As relevance of cash continues to wane, mobile and plastic payments fill the gap
April 05, 2013

Cash seems to be a dying payment type, with new research from Javelin suggesting that mobile payments and cards will fill the void left by paper currency. The report, culled from consumer payment information at the point of sale and U.S. Census Bureau data, identifies trends in payments and contains forecasts through 2018.

Mobile payments are expected to show tremendous growth in the next five years, although much of that can be attributed to the fact that it's a relatively new payment type. In 2012, mobile payments accounted for only .01 percent of the $3.98 trillion spent at retail locations. By 2018, however, that number is expected to crest the $5 billion mark.

Brands can either use a mobile point-of-sale system that attaches to smartphones and allows businesses to accept credit card payments and debit card payments, or leverage a near field communication-based contactless solution for payment processing. These are the two leading approaches to mobile payments.

"We're seeing a big push for mobile payments. Networks and banks are pursuing mobile opportunities and merchants are more actively involved. You can look at some of the big merchants who have seen success with loyalty programs that involve mobile, such as Starbucks," said Aleia Van Dayke,  payments analyst for Javelin and the author of the report, as quoted by BankTech.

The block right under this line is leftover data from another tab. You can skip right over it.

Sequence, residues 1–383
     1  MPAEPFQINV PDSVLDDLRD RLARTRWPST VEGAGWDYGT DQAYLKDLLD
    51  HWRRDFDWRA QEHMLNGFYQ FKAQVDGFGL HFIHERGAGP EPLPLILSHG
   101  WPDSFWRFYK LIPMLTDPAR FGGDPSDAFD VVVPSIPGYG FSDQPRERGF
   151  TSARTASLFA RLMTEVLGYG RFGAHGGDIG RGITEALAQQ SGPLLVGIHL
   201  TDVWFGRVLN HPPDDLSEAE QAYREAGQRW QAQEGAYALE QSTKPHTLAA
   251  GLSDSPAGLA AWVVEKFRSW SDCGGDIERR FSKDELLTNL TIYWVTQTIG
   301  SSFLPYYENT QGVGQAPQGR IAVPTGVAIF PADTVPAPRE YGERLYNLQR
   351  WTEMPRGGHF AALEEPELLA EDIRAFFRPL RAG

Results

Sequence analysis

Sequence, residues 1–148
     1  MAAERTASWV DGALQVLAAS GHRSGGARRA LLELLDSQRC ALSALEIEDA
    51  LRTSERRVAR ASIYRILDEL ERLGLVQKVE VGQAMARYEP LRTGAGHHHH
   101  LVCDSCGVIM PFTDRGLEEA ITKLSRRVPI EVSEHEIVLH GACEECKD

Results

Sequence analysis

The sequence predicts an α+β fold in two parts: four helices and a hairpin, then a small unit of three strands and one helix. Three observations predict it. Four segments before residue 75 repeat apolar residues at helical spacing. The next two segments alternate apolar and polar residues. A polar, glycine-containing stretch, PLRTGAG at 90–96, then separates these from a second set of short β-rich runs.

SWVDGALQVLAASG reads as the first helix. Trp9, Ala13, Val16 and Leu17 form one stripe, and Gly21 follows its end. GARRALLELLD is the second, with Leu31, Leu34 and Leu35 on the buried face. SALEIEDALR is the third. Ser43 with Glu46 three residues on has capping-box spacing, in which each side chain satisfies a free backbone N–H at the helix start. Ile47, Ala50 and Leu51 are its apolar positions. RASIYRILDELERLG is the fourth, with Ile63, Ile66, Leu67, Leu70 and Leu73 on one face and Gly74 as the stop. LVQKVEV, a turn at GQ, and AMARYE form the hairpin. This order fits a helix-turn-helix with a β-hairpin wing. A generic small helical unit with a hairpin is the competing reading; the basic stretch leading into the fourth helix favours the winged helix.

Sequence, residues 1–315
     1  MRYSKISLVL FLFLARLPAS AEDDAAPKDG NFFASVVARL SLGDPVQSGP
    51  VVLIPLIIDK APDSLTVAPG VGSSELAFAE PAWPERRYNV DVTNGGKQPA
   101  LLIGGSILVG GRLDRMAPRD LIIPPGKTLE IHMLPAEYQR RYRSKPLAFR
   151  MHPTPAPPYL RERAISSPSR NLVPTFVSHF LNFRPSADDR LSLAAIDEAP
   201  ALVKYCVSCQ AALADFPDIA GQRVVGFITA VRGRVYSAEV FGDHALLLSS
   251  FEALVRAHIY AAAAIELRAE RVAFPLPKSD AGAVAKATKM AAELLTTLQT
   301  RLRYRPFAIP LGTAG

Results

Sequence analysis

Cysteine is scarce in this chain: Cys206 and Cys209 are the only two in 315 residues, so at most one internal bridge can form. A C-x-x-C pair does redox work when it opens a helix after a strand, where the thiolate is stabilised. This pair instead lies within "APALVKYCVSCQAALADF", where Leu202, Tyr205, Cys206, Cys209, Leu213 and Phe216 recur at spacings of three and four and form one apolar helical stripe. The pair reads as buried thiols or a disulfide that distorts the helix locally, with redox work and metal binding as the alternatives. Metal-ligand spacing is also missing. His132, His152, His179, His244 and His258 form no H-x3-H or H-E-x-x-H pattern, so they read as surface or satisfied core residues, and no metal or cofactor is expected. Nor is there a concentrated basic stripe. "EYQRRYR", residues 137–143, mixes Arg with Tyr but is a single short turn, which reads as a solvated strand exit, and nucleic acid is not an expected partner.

Eliminating the need for cash
For many consumers, mobile payments are just more convenient. They don't need to carry large amounts of cash and the checkout process can be greatly expedited because they don't need to count out coins and bills at the point of sale. Whether merchants use contactless solutions or mobile payments hardware, they are eliminating the need for cash.

In just two years, the number of consumers carrying cash in their pockets has dropped from 83 percent to 81 percent. Meanwhile, mobile payments and credit card usage are on the upswing, with consumers expected to increasingly rely on these two payment processing methods. Combined, credit and debit cards were used in 62 percent of all retail purchases. Javelin believes that number will hit 67 percent through 2018.

Companies can make a significant profit by accepting credit and debit card payments, with several studies suggesting that customers spend more money with debit. Solutions such as Sage Mobile Payments allow retailers to accept these payments with little hassle.

Nexus: G-WEBCD6